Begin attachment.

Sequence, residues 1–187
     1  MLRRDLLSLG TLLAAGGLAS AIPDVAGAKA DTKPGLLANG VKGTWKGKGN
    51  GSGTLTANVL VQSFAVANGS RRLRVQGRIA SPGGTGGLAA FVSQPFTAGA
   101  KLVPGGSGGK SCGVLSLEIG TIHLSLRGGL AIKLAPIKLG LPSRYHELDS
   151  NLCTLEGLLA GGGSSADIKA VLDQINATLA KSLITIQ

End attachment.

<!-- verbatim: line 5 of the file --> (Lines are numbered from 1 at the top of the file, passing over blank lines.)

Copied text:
   151  NLCTLEGLLA GGGSSADIKA VLDQINATLA KSLITIQ